Forget the fact that anyone reading the filing would have known about Facebook’s vulnerability as its traffic moved to mobile; that’s the purpose of a public filing. Forget that brokerages and their analysts (as opposed to the company issuing the IPO) are not required to communicate their views with all clients equally. And forget that it’s probably going to be impossible to claim a legitimate “class” out of all Facebook buyers whose trades were delayed by Nasdaq’s snafus, because the facts surrounding each case (such as when they tried to buy and at what price) are, by definition, so different as to make litigating their claims as a group untenable. None of that matters. What usually matters to the lawyers is that they got to the courthouse first, which gives them a great argument for becoming the class’s lead lawyer, or at least part of the lead lawyer team - which can make them the prime recipients when the defendants pay the plaintiffs’ lawyers to go away.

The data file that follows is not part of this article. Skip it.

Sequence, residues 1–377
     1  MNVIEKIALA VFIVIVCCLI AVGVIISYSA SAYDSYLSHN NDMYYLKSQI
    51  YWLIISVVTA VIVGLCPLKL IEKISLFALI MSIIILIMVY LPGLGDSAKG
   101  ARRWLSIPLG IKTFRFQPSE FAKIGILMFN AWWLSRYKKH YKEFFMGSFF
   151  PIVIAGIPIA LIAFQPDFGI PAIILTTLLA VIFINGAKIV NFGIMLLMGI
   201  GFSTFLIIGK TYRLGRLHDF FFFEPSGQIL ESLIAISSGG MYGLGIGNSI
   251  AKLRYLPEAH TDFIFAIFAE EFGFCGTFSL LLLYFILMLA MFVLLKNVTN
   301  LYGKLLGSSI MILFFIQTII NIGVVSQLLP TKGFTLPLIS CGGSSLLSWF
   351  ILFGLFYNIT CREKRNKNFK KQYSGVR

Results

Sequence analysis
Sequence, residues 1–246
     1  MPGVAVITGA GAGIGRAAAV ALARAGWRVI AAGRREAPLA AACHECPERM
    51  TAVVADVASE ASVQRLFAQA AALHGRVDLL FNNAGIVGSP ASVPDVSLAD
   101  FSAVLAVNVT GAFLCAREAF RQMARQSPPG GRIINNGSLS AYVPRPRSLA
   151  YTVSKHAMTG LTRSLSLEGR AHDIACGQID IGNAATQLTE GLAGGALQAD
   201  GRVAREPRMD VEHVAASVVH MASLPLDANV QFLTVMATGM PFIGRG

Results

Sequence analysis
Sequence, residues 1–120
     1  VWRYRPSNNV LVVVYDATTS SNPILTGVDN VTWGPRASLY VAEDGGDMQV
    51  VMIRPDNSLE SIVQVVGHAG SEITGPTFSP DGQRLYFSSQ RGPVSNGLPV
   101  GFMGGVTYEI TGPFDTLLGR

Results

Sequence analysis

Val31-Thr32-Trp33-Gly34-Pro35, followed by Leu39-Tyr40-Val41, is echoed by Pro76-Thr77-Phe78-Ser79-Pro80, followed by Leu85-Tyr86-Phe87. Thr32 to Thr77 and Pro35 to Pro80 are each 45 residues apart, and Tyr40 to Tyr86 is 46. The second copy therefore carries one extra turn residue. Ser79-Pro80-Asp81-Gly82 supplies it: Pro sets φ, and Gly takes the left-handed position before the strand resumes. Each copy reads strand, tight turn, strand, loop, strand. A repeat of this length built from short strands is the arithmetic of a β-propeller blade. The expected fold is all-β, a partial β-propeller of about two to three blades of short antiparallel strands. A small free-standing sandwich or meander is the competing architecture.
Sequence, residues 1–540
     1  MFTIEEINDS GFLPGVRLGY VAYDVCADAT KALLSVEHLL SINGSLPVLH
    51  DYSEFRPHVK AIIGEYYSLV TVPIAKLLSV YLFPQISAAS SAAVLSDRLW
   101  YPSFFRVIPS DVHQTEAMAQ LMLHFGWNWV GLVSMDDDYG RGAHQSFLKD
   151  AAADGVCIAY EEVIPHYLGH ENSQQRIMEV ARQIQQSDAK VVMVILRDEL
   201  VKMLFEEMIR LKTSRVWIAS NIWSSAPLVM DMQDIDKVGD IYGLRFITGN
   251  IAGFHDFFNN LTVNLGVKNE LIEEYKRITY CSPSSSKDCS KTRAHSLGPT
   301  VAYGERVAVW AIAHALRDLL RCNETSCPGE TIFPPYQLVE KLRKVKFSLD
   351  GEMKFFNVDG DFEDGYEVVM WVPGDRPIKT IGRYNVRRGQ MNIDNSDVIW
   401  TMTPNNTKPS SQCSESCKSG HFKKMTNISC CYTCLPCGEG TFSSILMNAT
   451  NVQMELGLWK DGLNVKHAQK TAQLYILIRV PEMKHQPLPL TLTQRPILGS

So, how did these lawyers gather their clients? Why did they pick the venues they picked? Who’s likely to be competing with them with new suits in the coming days? What are the likely economics, based on past cases?
Another wrinkle to the story has to be the paparazzi-like profile of everything surrounding Facebook and its IPO. That could make the defendants want to settle to put the publicity behind them, which is what I’d bet Nasdaq will do, as might the bankers. But Facebook and CEO Mark Zuckerberg have proved in the past to be tough defendants who don’t cave. (Ask the brothers Winklevoss.) And it’s nearly impossible to figure out what they did wrong, since it was their public filing of the supplement to the IPO that has generated the suit against them.
All in all, a great legal fight story.
3. Figuring out the judge in the Edwards case:
Catherine Eagles, the judge in the John Edwards campaign funds case, has made many seemingly ridiculous rulings that are likely to make any Edwards conviction a slam dunk to be overturned on appeal. So, I’d love to know more about her than can be found in this simple Wikipedia entry. (Here’s a summary of the shakiness of the case that I sketched on the eve of the trial.)